What are cauls you ask? Let me explain in this article what exactly cauls are and how you can use them in your woodworking to create successful projects in your shop.
Comment down below if you have already heard of cauls before this article. If so tell us how you use them in your shop.
What exactly are cauls?
For me, I never actually knew that cauls had a name but have used them since I have begun woodworking. A caul is a piece of wood than goes across the work surface to keep it flat and free cupping and bowing.
For example, I tend to use cauls a lot when working with tabletops and other large panel section glue-ups. Especially when using my Kreg Jig for edge joining.
The piece of wood is laid across the tabletop and then is clamped down across the surface
So How Do You Make Cauls?
I tend to use whatever piece of scrap wood I can find in the shop. However, making sure that the piece of wood doesn’t bow under clamping pressure itself. 2×4’s seem to work the best in my experience or a 2”x6” ripped down the center is even better.
Tips For Caul Success
Here are a few tips for caul success that other woodworkers have taught me and some I have learned on my own.
- Wrap you cauls in plastic wrap. Yes, plastic wrap the reason for this is to prevent the glue from sticking to your caul. In the past, I haven’t done this and squeeze out from the tabletop glued the caul to the top of my table.
- Space your cauls no more than 2ft apart. Getting larger than this span can cause too much force one given end and not provide even clamping pressure.
- This is a personal preference but I like to use large c-clamps for clamping my cauls in place just because the force I can apply with c clamps is much larger than traditional woodworking clamps.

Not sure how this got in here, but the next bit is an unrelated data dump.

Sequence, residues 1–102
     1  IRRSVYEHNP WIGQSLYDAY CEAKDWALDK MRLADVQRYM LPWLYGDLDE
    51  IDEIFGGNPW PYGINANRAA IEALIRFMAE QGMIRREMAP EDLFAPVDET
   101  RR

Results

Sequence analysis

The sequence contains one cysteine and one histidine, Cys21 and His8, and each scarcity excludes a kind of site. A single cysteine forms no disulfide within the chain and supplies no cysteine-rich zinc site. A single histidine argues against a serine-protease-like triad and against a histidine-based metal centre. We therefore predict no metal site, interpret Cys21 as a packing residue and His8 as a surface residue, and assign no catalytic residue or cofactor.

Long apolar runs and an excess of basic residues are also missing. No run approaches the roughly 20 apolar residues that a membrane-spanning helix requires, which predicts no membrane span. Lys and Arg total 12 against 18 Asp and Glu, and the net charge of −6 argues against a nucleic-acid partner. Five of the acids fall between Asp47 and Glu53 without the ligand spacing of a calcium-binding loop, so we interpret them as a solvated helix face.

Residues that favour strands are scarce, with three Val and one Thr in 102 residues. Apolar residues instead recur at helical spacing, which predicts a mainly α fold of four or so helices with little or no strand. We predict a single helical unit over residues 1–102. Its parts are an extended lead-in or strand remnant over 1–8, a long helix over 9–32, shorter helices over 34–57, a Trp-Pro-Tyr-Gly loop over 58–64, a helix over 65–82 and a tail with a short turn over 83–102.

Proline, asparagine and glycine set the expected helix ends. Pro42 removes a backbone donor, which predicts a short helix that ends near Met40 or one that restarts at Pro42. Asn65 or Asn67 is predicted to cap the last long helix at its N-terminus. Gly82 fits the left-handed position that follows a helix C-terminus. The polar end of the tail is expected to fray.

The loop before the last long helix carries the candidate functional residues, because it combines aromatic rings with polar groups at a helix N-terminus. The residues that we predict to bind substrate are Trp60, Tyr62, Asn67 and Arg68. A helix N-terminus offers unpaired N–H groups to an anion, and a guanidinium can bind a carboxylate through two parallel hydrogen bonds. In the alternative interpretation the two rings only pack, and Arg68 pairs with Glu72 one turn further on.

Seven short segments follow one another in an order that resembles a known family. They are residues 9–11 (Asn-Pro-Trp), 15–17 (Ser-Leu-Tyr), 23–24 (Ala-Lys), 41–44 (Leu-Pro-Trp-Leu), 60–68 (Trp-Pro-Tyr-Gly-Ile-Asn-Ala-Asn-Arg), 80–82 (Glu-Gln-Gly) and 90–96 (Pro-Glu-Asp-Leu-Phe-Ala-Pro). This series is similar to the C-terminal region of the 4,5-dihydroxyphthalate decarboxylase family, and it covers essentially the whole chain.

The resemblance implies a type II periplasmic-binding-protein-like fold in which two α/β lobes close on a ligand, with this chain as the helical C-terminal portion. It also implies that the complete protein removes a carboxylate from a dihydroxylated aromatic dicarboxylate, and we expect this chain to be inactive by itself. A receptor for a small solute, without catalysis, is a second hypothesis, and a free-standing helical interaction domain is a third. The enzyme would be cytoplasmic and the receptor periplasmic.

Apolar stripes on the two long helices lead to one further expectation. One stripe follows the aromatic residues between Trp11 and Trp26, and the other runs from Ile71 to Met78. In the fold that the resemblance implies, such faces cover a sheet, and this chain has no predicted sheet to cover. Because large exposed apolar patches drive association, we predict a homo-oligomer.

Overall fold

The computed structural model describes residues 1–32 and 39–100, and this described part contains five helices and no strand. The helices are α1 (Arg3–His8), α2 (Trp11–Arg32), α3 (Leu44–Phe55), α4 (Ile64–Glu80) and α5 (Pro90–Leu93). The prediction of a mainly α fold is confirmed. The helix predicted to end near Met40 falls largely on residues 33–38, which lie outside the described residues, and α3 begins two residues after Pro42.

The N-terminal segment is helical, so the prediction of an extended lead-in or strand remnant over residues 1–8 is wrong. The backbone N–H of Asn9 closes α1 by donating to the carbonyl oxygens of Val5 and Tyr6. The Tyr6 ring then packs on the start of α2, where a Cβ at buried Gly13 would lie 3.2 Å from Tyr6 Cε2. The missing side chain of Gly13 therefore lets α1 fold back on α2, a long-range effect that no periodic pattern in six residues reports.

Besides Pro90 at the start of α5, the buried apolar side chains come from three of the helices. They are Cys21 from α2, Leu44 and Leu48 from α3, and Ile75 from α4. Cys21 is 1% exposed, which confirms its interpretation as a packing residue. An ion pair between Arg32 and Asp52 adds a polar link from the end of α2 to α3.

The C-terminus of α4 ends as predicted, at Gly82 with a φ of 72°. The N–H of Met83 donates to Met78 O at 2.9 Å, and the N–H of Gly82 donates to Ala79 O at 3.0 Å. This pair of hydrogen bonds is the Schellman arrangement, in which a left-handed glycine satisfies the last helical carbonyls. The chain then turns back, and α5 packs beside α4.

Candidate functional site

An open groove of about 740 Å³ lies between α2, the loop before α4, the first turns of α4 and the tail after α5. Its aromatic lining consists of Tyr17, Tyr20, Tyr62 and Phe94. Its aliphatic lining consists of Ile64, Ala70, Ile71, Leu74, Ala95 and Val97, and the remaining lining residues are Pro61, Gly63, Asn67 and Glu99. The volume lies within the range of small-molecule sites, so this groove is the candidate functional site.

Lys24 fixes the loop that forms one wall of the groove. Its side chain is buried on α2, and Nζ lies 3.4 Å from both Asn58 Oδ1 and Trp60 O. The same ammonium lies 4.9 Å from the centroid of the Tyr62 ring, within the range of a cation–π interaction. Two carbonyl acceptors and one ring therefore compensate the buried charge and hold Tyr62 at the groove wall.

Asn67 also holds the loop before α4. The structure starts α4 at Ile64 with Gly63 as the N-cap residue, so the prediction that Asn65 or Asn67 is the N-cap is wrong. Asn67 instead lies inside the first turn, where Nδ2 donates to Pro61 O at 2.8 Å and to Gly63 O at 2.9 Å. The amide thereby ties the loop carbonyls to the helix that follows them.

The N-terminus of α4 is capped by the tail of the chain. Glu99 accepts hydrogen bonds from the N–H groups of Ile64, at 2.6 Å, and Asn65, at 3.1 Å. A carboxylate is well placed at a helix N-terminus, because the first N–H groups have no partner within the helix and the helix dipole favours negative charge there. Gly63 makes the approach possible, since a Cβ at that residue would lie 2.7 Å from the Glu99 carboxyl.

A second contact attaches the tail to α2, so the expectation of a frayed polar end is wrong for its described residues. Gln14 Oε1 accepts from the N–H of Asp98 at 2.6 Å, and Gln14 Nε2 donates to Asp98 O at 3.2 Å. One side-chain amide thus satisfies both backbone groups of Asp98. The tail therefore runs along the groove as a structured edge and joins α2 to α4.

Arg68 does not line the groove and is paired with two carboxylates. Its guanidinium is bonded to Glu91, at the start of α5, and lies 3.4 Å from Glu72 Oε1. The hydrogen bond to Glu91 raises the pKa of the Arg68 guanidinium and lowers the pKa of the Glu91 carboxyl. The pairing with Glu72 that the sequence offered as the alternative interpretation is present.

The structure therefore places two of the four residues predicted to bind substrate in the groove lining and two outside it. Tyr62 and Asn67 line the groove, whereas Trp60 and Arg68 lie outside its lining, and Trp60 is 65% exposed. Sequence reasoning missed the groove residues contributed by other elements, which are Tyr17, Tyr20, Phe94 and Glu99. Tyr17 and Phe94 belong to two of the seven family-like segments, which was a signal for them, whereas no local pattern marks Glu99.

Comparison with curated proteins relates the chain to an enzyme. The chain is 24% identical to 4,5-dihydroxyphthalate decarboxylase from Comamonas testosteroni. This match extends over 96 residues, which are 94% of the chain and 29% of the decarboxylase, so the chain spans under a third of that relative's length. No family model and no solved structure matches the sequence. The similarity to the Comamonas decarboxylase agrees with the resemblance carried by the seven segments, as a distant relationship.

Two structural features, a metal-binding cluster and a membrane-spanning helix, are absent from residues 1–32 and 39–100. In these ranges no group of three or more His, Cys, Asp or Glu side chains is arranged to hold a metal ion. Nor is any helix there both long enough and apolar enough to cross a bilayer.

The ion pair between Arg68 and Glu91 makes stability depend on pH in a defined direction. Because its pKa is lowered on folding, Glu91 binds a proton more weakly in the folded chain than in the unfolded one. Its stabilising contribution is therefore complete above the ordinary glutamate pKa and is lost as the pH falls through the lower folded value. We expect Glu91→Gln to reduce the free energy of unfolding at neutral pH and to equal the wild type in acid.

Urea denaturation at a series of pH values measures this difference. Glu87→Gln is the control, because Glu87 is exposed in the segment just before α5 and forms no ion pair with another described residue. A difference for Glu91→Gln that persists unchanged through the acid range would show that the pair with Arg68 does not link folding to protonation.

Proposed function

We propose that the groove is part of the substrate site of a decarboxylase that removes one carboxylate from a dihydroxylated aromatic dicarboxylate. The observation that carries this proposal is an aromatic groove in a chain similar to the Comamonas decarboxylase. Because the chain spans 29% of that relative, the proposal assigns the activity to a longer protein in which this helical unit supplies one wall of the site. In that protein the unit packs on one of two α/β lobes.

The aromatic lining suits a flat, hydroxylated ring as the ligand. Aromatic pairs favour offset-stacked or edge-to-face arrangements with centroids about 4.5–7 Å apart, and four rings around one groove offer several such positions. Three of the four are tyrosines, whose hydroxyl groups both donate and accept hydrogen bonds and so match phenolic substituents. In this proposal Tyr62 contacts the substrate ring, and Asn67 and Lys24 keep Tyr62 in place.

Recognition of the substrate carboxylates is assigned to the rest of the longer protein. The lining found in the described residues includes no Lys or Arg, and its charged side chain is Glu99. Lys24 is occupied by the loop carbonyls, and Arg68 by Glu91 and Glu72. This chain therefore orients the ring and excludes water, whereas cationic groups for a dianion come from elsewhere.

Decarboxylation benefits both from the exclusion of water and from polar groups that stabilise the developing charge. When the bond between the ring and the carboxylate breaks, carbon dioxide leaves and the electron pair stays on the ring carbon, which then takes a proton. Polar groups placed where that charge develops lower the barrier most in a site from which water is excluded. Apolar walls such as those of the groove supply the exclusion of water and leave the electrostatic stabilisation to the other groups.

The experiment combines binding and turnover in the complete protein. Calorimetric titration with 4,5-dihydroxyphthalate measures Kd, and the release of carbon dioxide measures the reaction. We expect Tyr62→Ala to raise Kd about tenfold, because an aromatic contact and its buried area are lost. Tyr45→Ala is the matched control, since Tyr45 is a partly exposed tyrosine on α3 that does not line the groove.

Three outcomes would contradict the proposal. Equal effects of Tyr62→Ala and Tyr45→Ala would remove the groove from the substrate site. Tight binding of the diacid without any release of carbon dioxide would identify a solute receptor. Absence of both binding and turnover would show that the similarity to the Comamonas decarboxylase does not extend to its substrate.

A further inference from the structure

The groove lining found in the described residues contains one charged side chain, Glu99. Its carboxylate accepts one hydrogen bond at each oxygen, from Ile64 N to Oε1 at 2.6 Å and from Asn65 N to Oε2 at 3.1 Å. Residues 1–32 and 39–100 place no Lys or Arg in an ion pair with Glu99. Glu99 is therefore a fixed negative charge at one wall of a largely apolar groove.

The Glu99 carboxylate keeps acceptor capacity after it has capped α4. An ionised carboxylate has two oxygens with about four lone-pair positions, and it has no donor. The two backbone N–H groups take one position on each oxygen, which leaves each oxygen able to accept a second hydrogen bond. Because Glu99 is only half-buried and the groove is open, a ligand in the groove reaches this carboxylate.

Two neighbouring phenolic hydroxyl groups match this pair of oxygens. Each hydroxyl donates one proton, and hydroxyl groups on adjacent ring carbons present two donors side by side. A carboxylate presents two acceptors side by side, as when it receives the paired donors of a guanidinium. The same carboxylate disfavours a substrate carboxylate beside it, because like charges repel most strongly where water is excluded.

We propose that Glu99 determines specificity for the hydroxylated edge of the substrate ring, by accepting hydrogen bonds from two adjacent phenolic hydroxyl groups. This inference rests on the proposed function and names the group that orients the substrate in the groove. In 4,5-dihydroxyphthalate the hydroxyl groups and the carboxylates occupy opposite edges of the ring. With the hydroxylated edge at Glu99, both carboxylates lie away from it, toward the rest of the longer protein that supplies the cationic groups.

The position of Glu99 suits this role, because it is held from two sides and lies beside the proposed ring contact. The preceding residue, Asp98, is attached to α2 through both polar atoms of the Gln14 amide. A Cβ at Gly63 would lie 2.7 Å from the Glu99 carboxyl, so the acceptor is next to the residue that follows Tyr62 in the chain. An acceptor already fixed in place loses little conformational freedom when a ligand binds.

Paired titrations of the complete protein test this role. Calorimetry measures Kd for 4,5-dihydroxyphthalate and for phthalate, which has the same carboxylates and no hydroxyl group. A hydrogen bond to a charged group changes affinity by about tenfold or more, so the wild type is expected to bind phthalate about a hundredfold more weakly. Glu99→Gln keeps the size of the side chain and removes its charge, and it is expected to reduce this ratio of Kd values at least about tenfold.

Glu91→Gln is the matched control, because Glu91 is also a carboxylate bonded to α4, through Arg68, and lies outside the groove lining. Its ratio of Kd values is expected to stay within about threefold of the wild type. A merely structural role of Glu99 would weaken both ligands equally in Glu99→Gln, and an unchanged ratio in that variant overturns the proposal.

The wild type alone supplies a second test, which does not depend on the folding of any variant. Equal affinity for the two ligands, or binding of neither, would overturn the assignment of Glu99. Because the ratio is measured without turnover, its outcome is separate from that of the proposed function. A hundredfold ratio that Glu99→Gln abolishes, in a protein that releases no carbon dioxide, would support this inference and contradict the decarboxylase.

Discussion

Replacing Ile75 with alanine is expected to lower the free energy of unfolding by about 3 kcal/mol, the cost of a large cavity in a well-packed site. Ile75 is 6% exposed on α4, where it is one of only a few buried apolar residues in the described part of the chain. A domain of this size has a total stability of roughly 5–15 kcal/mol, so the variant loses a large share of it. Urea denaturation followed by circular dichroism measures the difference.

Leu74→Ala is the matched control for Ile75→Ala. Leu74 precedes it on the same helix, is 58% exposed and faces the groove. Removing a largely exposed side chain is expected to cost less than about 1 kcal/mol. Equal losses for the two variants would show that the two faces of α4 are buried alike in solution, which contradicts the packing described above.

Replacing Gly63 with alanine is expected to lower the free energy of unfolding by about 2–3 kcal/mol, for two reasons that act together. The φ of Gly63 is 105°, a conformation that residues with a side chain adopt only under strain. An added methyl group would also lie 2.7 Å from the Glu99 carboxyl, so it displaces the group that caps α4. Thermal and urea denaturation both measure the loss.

Caul Order Of Operations
- Measure the panel to be glued up and add 2 or more inches to the measurement. Longer is always going to be better obviously.
- Make sure cauls are wrapped in plastic or packing tape applied to prevent the glue from sticking to the caul.
- Layout of cauls in a 2ft spacing across the panel to be glued. Closer spacing is always better but no greater than 2ft is recommend.
- Clamp the cauls in place with one caul on top of the work surface and one on the bottom.
- Once cauls are in place apply side clamping pressure as you normally would in a panel glue up operation.
- Let the glue dry as we discussed in this article here and then reap the benefits of using cauls.
Incorporating the use of the cauls in your woodworking projects especially in large panel glue-ups is to greatly help with warpage and twists.
Cauls are such a cheap way to help keep you from pulling your hair while building large panels. How do you plan to start using cauls in your woodworking projects? Let us know down in the comments.
As always if you got something out of this article be sure to share it with a friend that can use this information in their woodworking adventures.